Clinical practice currently involves specific initiatives of prospective audit and feedback in 3 patient care areas: intensive care units (ICUs), general surgery, and leukemia services. The pharmacists and/or physician of the antimicrobial stewardship programs meet with the medical teams on these services 3 to 5 times weekly, depending on the service, to review the clinical situation for patients who are receiving antimicrobial therapy and to provide suggestions on appropriate use of these drugs when needed. In addition to the inpatient program at the University Health Network, the pharmacists and physician of the antimicrobial stewardship programs have developed and initiated an outpatient parenteral antimicrobial therapy clinic, which provides care to patients who have been discharged from hospital but who are still receiving IV antimicrobial therapy. As part of this outpatient service, one of the pharmacists assesses the appropriateness and safety of selected antimicrobial therapy before discharge. Other clinical activities under development include the formulation, in collaboration with the key stakeholders and front-line staff (e.g., ICU physicians, pharmacists, and nurses), of best practice guidance for certain clinical syndromes.
Education, which is fundamental to the success of an antimicrobial stewardship program, occurs in many forums and in a variety of formats. For example, meetings involving a pharmacist from the antimicrobial stewardship program and members of the targeted teams to review appropriateness of antimicrobials represent opportunities to provide education on a variety of antimicrobial and infectious diseases topics. In addition, the antimicrobial stewardship team provides education at an institutional level via rounds, newsletters, and reports, and to multiple audiences such as peers, students, residents, and hospital administrators.
A successful antimicrobial stewardship program will be able to utilize the data it creates to demonstrate outcomes not only for the institution but also for the broader health care audience. Therefore, each initiative of the stewardship programs at Mount Sinai Hospital and the University Health Network is linked to a research question. At present, the data generated relate predominantly to continuous quality and safety improvements. The program at Mount Sinai has been in operation for longer than a year and has already achieved significant decreases in antimicrobial costs, usage, and—most importantly—resistance. For example, in the hospital’s ICU, yearly costs for antimicrobials have decreased by about 30%, and usage of these drugs has declined by about 15%. The susceptibility of isolates of Pseudomonas spp. to antimicrobials has increased by 5%–17%, depending on the agent.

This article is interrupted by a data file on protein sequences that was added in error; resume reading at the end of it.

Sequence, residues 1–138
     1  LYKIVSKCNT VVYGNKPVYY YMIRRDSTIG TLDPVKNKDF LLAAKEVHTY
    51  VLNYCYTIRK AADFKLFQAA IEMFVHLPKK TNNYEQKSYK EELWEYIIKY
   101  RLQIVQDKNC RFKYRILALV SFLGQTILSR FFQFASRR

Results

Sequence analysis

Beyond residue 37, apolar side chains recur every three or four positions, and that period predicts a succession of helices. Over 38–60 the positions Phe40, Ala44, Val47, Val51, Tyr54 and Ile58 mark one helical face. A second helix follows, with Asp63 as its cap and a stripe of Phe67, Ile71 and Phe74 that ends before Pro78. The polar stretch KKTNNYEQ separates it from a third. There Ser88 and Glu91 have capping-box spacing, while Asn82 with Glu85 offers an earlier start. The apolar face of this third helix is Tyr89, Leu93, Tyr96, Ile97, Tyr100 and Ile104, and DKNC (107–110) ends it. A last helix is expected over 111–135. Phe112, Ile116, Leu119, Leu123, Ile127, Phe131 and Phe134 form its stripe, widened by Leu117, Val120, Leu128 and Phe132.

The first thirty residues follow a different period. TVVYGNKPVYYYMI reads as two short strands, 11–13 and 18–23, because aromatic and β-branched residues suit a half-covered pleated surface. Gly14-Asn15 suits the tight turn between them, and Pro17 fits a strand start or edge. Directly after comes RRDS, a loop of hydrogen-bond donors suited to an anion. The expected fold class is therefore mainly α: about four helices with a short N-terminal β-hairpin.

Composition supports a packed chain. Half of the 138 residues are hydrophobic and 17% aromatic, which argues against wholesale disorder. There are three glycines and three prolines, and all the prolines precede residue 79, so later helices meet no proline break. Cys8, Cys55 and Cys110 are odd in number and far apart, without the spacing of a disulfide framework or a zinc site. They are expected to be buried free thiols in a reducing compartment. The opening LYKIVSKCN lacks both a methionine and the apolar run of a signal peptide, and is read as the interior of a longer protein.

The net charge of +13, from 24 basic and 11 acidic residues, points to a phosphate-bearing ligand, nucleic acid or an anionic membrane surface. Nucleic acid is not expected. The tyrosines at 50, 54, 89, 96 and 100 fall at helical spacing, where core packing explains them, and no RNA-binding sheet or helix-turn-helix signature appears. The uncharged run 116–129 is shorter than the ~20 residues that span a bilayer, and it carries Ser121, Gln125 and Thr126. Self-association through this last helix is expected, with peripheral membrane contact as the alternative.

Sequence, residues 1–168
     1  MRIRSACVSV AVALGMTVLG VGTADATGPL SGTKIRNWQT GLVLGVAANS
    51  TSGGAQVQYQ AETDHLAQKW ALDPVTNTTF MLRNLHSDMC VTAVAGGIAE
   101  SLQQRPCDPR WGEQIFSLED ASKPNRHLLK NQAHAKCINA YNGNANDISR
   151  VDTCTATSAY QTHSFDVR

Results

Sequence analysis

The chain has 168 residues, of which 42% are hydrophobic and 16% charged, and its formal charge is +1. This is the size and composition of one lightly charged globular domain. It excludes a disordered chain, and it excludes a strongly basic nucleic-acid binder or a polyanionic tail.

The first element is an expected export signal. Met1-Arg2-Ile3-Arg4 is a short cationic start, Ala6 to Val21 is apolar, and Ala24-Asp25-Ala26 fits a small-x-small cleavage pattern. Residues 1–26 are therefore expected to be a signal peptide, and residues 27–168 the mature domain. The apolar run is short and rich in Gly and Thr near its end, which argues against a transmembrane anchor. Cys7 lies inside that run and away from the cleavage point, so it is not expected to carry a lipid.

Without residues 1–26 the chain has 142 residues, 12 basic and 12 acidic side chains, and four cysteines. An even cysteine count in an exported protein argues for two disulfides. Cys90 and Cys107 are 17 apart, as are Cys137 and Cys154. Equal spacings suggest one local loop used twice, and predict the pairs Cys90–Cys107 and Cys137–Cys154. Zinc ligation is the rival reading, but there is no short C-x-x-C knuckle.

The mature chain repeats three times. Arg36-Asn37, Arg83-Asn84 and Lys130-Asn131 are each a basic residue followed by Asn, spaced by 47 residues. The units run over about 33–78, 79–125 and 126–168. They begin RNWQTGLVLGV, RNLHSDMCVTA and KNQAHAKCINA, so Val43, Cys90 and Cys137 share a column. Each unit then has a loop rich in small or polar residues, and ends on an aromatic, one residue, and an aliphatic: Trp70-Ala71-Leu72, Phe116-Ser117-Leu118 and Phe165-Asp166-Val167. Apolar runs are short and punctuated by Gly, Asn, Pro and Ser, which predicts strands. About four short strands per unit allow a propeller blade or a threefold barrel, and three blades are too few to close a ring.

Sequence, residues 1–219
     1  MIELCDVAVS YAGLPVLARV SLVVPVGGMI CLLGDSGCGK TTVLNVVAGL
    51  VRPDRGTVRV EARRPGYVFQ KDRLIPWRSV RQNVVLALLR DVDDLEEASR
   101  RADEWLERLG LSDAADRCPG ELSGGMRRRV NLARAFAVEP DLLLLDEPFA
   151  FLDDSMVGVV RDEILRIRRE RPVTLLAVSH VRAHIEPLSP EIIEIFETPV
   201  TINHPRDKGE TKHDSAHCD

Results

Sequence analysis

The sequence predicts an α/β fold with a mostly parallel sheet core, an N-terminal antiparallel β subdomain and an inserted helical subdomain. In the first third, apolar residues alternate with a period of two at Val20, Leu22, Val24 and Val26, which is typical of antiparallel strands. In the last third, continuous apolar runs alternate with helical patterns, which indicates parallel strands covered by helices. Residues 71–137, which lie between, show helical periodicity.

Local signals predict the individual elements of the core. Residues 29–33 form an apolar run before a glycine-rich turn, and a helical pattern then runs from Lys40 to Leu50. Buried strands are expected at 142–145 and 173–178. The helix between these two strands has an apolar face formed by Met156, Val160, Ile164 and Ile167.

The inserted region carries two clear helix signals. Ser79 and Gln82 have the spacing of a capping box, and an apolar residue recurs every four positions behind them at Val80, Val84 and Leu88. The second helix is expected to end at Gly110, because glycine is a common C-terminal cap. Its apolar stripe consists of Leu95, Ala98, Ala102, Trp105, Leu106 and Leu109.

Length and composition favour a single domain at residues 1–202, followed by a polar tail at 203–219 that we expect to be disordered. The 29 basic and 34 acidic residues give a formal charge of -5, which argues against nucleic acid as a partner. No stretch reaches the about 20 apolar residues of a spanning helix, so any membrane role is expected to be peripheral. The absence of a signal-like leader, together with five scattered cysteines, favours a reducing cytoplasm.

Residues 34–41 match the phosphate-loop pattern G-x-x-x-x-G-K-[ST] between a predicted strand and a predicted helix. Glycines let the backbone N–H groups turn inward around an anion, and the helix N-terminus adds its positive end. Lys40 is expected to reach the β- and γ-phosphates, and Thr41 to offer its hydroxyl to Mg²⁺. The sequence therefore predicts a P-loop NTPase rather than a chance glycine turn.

Future endeavours will include expansion of the prospective audit and feedback service by the program’s pharmacists to other areas of the hospital, such as internal medicine, cardiovascular care, and orthopedic surgery. Research will continue on quality improvement initiatives, and additional research will be undertaken focusing on identified areas for which minimal evidence currently exists. Educational goals include the development of a stewardship training program for physicians and pharmacists. The members of the antimicrobial stewardship team will continue to follow their mantra in all that they do: “Getting patients the right antimicrobial, when they need it.”
The Practice Spotlight series highlights the accomplishments of Canadian pharmacists with unique practices in hospitals and related health care settings. If you have a unique or innovative practice, or you know someone else who should be profiled, please submit your contact information to Mary Ensom, Editor of CJHP (ac.phsc@tidephjc), and one of our Associate Editors will be in touch with you.